When a Baby Brother or Sister Dies - HE2321

Reviewed
July 2022
This resource relates to the following topics:

Information for parents, family or whānau on supporting their other children after a baby has died. This pamphlet is produced by Sands, and a print version is available as part of the Sands Support Pack.

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Details

Reviewed
July 2022
Updated
July 2022
Format
Pamphlet DLE
Type
PDF download
HE code
HE2321
Language
English

The full resource:

If you have another child or children, you may need to support them and their emotions even while you yourself grieve for your baby who has died. You are all part of the same whānau/family and you have each lost a precious whānau/family member. Remember that grieving is an important process that enables us to adjust to the loss of someone we love.

Your child/ren’s response to the death of their baby brother or sister will vary depending on their age, personality and previous experience of death. They will grieve, just as an adult does, but the ways in which they express their grief will depend in part on their stage of development. For example, a very young child may view the death as temporary and reversible, while an older child may recognise that death is final and experience deep sadness and a sense of loss.

You may feel you want to protect your child/ren from this grieving, but they must be encouraged to express their grief, just like an adult, in order for them to process what has happened. They must also be supported through this time.

Children also have to cope with the emotional reactions of their parents, whānau/family and friends.

This leaflet is intended as a guide to some of the reactions your child/ren may experience as they grieve and to offer some help in the ways you can best support them.

If you are old enough to love, you are old enough to grieve.

Some reactions you might expect from your grieving child/ren and some ways you can support them …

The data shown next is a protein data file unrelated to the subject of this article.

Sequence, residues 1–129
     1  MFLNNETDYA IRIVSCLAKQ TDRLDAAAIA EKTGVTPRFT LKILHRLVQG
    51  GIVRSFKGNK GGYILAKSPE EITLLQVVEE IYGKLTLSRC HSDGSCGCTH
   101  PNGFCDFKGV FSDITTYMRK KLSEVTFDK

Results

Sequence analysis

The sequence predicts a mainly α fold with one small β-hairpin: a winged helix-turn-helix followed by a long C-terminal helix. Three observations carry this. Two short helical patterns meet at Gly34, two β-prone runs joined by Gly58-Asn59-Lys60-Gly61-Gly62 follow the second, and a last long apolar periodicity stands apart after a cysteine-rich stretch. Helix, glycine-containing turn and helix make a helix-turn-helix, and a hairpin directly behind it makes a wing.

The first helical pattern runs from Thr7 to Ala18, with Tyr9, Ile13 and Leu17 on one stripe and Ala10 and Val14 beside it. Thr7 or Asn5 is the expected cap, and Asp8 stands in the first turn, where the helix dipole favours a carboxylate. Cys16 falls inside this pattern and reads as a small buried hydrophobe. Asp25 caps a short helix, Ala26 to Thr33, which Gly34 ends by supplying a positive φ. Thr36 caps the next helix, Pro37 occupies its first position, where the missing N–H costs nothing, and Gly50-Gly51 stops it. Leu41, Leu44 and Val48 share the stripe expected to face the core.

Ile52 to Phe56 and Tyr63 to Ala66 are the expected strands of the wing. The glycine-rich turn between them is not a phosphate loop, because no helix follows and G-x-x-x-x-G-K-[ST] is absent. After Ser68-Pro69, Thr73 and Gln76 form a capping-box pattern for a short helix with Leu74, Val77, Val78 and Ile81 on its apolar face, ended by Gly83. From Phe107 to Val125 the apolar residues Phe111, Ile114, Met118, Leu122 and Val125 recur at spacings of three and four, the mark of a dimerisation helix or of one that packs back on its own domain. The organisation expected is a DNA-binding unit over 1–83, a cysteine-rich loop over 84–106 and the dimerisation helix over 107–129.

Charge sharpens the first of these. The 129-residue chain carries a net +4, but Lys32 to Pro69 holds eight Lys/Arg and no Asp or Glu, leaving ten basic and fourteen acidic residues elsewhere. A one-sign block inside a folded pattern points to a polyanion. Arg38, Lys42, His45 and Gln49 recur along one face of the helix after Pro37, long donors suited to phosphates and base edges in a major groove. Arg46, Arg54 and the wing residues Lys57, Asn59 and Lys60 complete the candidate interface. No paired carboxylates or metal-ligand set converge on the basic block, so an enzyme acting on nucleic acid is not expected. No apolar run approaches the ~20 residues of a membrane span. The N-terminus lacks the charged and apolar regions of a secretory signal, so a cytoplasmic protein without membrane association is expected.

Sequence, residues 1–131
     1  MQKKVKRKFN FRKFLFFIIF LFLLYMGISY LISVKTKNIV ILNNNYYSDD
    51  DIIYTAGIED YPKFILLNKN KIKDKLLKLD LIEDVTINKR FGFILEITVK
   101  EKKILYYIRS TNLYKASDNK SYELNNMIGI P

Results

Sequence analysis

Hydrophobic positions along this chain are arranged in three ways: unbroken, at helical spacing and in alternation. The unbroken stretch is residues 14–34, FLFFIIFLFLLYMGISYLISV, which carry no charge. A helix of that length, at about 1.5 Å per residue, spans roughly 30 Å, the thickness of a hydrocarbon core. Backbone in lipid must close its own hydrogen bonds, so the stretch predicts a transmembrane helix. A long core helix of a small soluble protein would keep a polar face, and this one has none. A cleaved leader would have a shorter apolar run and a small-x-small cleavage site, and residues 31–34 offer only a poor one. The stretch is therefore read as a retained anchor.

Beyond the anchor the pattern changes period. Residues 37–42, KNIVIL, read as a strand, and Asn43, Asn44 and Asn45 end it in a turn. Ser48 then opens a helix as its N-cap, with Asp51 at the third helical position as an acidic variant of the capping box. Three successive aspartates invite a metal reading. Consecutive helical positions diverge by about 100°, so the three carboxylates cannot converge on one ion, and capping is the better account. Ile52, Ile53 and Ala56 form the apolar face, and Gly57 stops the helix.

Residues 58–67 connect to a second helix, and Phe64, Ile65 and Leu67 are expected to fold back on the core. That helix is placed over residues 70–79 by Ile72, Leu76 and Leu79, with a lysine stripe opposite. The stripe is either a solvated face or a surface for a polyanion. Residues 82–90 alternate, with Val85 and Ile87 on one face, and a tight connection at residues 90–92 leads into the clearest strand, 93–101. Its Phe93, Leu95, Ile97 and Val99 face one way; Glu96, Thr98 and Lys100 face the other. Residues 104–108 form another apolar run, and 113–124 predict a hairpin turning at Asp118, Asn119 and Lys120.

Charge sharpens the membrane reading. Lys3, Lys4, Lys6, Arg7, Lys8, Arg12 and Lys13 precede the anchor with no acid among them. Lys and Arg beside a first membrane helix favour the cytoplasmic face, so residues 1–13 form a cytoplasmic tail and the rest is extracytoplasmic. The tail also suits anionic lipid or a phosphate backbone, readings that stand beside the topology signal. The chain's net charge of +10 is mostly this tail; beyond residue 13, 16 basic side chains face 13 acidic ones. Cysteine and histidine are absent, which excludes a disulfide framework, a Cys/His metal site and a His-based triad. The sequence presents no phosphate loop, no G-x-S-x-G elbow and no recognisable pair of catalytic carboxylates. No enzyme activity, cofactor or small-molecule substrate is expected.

• Your child/ren may feel guilty, especially if they felt at times that they didn’t want a new baby. They need reassurance that nothing they did or said caused the baby’s death.
  • Your child/ren may feel angry with you for promising them a baby who has now died. They may also feel angry with the baby for causing everyone to be so sad.
  • Your child/ren may feel insecure/frightened. ‘Does Mum still love me?’ ‘Will I die too?’ ‘When will things be normal again?’
  • Your child/ren may have a fixation with death, such as playing ‘death’ games with dolls, coffins, etc. or asking lots of questions, for example, asking if other babies are dead or alive. Accept their play. Play is a child’s way of acting out and making sense of what has happened. Encourage their questions, answering them as truthfully and simply as you are able to. As they talk and question, they are working through the experience and coming to their own understanding and acceptance. You may have to repeat the answers to some questions over and over.
  • Your child/ren may experience behavioural changes. They may become withdrawn, begin bedwetting, talk ‘baby talk’ or be very, very good to avoid causing you more pain. Try to accept these behavioural changes as part of the grieving process in the short term, but if they continue for a long period of time, it may help to seek professional advice from a doctor, counsellor, or Group Special Education (GSE) through your child/ren's ECE Centre, kōhanga reo, school or kura.

Children’s concepts of death (reproduced with permission from SIDS Wellington’s ‘Continuing the Loving’ booklet)

Pre-schoolers:

  • do not think the death is permanent
  • react to loss and change.

5–9 years:

  • may think death is final
  • may not think of it happening to them
  • need honest and accurate information.

10 years plus:

  • understand the concept of finality – and may find it frightening and painful.
    They may:
    • have difficulty concentrating
    • become withdrawn or isolated, angry or sad
    • have physical complaints
    • indulge in alcohol or drug abuse
    • display impulsive behaviour
    • increase their level of risk taking.

What can you do for your child/ren?

  • Encourage them to call the baby by his or her name and to acknowledge the baby as a member of your whānau/family.
  • Let them see and hold their baby brother or sister if this is appropriate. Seeing the baby will give them a focus for their grief. Prepare them for seeing the baby and accept their responses, eg, they may state that the baby is a funny colour.
  • Have photos taken of them with their baby brother or sister. Also take photos of you all together as a whānau/family.
  • Explain what has happened, why (if you can) and what might happen in the days to follow. Use language that is direct, simple and truthful. Avoid using terms that can confuse them like ‘passed away’ and ‘lost’. Don’t be afraid to use the word ‘dead’. Also try to avoid phrases like ‘the baby has gone to sleep’ because this can cause your other child/ren to become fearful that they might die when they go to sleep.